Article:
The petrol Verna will also hold up well if you like the occasional family road trip. The light but progressive steering, the steady high-speed demeanour, six-speed gearbox and a free-reving motor help in this regard. Like in the Turbo, equipment levels are very good with the new eight-inch infotainment, digitized instrument cluster and connected car features. There's also the sunroof, wireless charging, ventilated front seats and the hands-free boot release. Hyundai has been loading up its cars with power sockets and charging ports and that convenience carries over here too. We only wish that the petrol also got the front parking sensor that are available in the Turbo. Otherwise, the stong safety equipment list remains intact.
To round things off, the non-Tubo Verna gets slightly differentiated styling to go with its more sedate demeanour. The wider new grille is finished in brushed chrome, that doesn't look as flashy as you might expect. The new LED headlamps and tailamps are identical to the Turbo but the bumpers are different. The front gets different fog lamp inserts and a wide chrome strip while the rear is a completely different unit with different faux air skirts, a less-aggressive faux diffuser and chrome detailing. The exhaust tip is also hidden here. There may not be the added aggression of the Turbo here, but like in that version, these changes have livened up the Verna's look.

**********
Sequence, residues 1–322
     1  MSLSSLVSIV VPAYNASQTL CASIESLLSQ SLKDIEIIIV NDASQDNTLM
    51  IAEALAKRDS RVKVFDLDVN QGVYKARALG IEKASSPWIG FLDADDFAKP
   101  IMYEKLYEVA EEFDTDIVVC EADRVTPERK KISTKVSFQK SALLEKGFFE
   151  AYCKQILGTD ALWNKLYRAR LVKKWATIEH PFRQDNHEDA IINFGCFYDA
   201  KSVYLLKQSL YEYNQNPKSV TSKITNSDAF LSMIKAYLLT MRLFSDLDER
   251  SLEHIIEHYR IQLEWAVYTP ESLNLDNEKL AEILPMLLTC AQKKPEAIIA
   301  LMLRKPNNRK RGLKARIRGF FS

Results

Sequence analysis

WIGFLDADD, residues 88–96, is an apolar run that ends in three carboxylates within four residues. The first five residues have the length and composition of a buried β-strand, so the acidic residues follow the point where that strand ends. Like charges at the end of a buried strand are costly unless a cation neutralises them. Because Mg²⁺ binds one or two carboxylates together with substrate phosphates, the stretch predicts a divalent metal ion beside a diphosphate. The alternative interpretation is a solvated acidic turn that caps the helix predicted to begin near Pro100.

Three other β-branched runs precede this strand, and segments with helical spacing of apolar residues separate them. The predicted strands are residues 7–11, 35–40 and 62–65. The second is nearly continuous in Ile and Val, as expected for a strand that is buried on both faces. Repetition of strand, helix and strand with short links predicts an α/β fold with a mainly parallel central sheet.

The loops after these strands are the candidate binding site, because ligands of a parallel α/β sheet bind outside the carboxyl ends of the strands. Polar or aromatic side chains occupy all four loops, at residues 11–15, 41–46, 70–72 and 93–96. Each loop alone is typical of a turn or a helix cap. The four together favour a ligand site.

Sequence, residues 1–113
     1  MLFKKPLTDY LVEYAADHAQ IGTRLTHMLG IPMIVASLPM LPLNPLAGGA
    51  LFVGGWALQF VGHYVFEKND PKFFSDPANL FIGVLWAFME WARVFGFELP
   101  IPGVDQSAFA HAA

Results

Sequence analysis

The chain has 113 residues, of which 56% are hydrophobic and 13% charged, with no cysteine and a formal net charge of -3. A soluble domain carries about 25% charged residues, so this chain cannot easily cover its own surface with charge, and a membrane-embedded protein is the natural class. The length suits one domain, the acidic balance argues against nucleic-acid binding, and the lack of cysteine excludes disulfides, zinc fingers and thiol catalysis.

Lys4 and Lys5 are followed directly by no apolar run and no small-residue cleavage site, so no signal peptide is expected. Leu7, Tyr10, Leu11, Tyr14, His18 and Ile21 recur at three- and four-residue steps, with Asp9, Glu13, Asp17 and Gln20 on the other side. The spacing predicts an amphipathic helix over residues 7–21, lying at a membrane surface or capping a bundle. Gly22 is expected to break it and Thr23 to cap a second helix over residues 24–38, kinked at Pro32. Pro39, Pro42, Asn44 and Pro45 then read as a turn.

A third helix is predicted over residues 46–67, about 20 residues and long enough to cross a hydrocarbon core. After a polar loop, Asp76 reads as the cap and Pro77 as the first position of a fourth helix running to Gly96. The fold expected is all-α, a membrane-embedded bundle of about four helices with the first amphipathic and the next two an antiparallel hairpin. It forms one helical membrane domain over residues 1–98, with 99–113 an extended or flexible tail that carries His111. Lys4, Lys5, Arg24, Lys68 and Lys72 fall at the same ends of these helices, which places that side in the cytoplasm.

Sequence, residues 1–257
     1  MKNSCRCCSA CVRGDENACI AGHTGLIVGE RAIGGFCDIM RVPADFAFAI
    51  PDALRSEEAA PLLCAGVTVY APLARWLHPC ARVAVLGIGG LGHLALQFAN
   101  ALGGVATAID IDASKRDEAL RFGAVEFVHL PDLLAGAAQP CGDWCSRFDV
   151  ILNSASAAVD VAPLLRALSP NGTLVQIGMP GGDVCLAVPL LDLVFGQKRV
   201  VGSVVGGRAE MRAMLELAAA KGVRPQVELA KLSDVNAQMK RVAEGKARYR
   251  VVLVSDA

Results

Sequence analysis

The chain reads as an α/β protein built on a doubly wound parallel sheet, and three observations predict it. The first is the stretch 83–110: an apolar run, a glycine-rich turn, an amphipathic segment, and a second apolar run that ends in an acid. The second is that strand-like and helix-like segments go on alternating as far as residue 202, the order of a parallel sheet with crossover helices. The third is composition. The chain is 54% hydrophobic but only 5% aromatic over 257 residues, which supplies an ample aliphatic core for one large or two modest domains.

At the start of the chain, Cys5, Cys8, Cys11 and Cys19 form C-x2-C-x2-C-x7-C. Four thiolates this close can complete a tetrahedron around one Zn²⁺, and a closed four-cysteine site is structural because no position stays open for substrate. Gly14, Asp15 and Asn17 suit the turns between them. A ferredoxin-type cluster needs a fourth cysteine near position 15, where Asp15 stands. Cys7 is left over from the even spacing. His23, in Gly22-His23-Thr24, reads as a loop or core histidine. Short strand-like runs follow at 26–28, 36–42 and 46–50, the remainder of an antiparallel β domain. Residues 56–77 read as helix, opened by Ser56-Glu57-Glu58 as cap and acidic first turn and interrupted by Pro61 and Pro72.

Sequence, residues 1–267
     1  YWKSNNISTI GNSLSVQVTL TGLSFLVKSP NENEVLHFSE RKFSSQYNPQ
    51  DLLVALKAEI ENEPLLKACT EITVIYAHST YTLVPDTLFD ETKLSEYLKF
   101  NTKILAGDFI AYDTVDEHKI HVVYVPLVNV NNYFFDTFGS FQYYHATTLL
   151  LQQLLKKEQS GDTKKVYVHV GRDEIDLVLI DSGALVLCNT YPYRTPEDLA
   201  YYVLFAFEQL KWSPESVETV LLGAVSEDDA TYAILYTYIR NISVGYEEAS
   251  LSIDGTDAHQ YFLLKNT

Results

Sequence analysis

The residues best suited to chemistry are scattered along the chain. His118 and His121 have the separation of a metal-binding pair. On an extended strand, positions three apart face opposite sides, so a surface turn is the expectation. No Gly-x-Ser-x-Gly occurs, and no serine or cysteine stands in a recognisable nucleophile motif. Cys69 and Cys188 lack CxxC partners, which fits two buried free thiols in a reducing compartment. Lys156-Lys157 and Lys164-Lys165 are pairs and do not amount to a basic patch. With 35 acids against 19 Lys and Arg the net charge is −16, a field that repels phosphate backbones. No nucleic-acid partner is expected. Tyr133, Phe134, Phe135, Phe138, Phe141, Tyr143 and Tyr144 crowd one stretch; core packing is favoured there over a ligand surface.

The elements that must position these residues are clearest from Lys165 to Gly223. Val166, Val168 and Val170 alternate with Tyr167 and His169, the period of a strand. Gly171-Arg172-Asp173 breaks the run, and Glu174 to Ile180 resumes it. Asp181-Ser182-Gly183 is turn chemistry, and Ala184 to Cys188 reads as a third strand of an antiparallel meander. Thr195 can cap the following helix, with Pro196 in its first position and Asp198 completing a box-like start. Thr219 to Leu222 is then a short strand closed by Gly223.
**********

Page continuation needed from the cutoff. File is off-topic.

The Verna was always one of the cars we liked most as a daily commuter, in its long stint in the OD Garage last year. Of the many engine options available with the sedan now, we think the petrol motor will be the one to go for if you are looking for a well-equipped car that will allow you a stress-free urban driving experience. Yes, the Turbo's drivetrain may be more flexible, but for almost Rs 1.5 lakh less ex-showroom, this could be the version that is the most value in the new range. This is especially true now given that the long-term cost advantages of running a diesel car have been largely diluted.
0-100 kmph (dry): 11.5s
100-0 kmph (wet): 47m/3.5s
30-50 kmph (3rd): 4.5s
50-70 kmph (4th): 6.0s
60-80 kmph (5th): 11.3s
City: 13.2 kmpl
Highway: 18.9 kmpl
Overall: 14.6 kmpl
Watch our video review of the 2020 Hyundai Verna below
Starts Rs 9.31 Lakhs
Starts Rs 9.91 Lakhs
Starts Rs 9.99 Lakhs
Starts Rs 9.89 Lakhs
Starts Rs 8.2 Lakhs
Starts Rs 7.49 Lakhs
- NewsYamaha Tenere 700 Rally Edition is a retro tribute to the 80s Paris Dakar machine
- News2020 Honda WR-V facelift launched in India, prices start from Rs 8.50 lakh
- NewsSkoda Karoq, Superb and Kodiaq get new infotainment
- NewsHonda 2Wheeler India sold 2.10 lakh units in June 2020, registering a decline of 55 percent
- NewsSuzuki ACross unveiled, derived from Toyota RAV4 hybrid
- Digitising Text
- Abstract | Winners and Honourable Mentions
- BP Tip of the Day: Getting Out of a Creative Block